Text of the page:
Conflict & Justice

A caustic Trumpian tone invades Newton's politics

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This public meeting in Newton was packed and the mood was tense. 


Gabrielle Emanuel/WGBH News


President Donald Trump is known for caustic tweets and a disregard for political correctness. His campaign ushered in a new level of name-calling and mudslinging to presidential politics. There’s been a similar tenor to the debates playing out in Newton, Massachusetts.

On a rainy night, people filed past several police officers and packed into City Hall. They were there to debate whether Newton should position itself as a sanctuary city for undocumented immigrants.

Newton is not alone in debating whether to adopt sanctuary city status — and, it’s not a big change from Newton’s existing police practice. What’s interesting in Newton is the bitterness of the debate.

In this affluent, largely white Boston suburb — where roughly 75 percent of voters cast a ballot for Hillary Clinton — the meeting room is on edge. 

Those against sanctuary city status voice anxiety about undocumented immigrants causing machete attacks and a spike in tuberculosis.

“You want to take a chance that our water supply might be poisoned? Our bridges blown up?” asked one resident.

Another man took the podium, stating, “One wonders if there was a fire in an apartment building, if any of the sanctuary city folks would have a moral dilemma deciding about saving their own family before strangers.”

“We are better off if we collectively stick our fingers into a bowl of Ebola and lick them. Our deaths will be quicker and less painful,” said another.

“I have some serious fears — real fears.”

The others, who support an ordinance positioning Newton as a sanctuary city, say they’re scared, too.

“I am more afraid of some of the people in this room than I am of the people they might bring to this country,” said one speaker.

"I have heard a lot tonight, tired tropes of protecting our women and children,” said one man to the sounds of boos. “My older son has been called a 'n*****' at the train station. This is new that people are so open about their racism.”

A woman took the podium: “Although I am a citizen, I do not feel welcome in this place, listening to the hatred here. I feel threatened here. I am serious, I don't feel safe.”

Amidst the fears and jeers, Councilman Allan Ciccone Jr. was at the head of the room, trying to keep order.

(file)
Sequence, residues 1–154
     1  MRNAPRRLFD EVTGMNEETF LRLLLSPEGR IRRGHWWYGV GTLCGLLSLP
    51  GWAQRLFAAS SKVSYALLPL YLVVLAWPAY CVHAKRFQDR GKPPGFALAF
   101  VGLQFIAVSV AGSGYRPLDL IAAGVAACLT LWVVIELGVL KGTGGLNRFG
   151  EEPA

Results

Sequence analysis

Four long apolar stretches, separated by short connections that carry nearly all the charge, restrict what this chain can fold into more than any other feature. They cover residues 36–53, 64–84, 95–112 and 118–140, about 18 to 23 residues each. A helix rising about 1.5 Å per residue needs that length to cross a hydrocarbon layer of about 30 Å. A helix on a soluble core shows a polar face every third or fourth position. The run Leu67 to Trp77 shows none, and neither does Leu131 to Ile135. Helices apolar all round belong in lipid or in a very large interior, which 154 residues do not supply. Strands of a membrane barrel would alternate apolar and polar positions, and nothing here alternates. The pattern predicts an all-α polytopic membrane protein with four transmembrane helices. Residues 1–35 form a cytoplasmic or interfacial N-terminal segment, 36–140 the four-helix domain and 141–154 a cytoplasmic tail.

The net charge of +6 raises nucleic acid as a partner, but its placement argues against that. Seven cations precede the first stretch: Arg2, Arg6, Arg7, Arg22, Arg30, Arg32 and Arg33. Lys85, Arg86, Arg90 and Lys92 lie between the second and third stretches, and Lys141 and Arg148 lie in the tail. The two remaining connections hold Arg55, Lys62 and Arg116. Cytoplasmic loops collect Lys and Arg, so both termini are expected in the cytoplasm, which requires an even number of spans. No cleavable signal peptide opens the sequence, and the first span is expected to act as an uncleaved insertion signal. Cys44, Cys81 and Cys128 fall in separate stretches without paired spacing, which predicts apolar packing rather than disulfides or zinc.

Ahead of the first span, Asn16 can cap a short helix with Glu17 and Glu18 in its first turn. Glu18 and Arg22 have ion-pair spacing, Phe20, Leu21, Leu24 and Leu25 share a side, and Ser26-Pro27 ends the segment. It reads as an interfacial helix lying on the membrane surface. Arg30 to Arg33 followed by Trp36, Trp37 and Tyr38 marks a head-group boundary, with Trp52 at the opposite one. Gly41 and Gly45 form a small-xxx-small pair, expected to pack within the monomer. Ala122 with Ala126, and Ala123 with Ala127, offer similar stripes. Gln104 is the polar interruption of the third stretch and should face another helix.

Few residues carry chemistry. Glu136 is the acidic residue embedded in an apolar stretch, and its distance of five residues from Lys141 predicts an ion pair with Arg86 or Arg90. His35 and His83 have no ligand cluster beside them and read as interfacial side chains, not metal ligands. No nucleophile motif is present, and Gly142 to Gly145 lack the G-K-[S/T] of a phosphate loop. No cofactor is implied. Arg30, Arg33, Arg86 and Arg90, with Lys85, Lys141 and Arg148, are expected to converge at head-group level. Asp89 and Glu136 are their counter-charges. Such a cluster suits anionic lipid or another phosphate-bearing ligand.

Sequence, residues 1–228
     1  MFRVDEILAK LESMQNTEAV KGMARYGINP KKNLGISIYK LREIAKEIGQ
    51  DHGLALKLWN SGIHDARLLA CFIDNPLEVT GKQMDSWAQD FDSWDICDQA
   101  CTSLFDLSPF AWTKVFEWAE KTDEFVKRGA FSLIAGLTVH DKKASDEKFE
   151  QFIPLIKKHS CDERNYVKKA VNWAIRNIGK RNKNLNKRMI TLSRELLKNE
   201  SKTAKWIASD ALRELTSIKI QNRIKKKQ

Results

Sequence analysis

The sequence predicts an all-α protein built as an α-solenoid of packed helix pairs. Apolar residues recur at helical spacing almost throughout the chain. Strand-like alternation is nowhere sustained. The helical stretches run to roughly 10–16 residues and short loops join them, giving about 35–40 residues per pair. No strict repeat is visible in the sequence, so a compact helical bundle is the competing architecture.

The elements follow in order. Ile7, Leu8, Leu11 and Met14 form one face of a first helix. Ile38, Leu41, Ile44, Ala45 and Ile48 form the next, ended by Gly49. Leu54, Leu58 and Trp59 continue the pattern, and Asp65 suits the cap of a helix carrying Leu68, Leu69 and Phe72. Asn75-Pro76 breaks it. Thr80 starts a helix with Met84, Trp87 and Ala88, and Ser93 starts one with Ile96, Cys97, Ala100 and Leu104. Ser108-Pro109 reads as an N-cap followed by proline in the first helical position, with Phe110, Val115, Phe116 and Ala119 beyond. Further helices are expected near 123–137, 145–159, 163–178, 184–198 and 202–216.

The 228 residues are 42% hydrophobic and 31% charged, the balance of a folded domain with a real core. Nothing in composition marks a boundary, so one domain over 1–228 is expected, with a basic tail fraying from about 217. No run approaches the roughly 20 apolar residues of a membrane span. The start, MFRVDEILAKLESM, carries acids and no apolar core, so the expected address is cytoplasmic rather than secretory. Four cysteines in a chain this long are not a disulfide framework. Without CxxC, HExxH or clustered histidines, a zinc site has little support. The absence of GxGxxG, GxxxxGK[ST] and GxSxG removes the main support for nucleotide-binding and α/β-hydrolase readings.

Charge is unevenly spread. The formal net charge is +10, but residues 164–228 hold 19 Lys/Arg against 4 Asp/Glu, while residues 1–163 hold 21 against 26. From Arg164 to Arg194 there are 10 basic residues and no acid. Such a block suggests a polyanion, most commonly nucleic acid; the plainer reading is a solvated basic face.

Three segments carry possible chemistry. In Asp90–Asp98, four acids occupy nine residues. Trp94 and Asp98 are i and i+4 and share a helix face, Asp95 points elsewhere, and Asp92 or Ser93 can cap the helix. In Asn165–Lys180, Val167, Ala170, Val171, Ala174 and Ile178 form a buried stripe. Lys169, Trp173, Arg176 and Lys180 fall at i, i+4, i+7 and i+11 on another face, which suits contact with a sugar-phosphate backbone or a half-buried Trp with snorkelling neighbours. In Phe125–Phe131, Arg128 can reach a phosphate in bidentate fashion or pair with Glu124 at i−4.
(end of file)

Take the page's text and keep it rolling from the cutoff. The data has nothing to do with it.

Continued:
He admonished the crowded room: "If the applause happens again, we're going to empty the room."

I spoke to Ciccone a few days later. He said the meeting was particularly large and particularly contentious.

“I think it has a lot to do with what’s going on nationally, obviously,” he said.

But when local politics gets nasty, Ciccone says opposing sides still have to cooperate for the city to function. They can’t just retreat to their echo chambers.

“This is still my neighbor. We still have to get along. We have the barbecue in September,” Ciccone said, imagining a resident’s thought process. “What are we going to do, have this one issue come between us and the friendship and all that? I just don't agree with that.”

Ciccone wants to see people listen better. Rev. Howard Haywood wants to see people standing up against divisiveness.

“People got to take the high road and say, ‘This is not what we want,’” said Haywood as he sat at Johnny’s Luncheonette, a popular diner and community gathering spot in Newton. Like the diner, Haywood is something of an institution here. He's lived in the city all of his 76 years.

At Johnny's, he's having lunch with Matthew Miller. And while not everyone in the booths at this diner feels like things are getting worse, Haywood and Miller say they sense new and deep divisions.

“Newton’s getting like that by the day,” said Haywood.

Miller agreed, “We definitely have a divide. The discourse has become volatile, and I think it is because it’s acceptable from top down.”

They warn that disrespectful rhetoric and actions are not limited to City Hall, they’re trickling down to classrooms as well.

Miller, who was the president of the parent-teacher organization at a local elementary school, recalls when “a teacher came to me and said that she did notice an uptick in the negativity. Not just the negativity, but the ease at which the negativity was [spoken] out loud and directed not only to the staff but to the other students.”

The men fault national leaders for this ugliness, but say it's up to the local community to stop it. 


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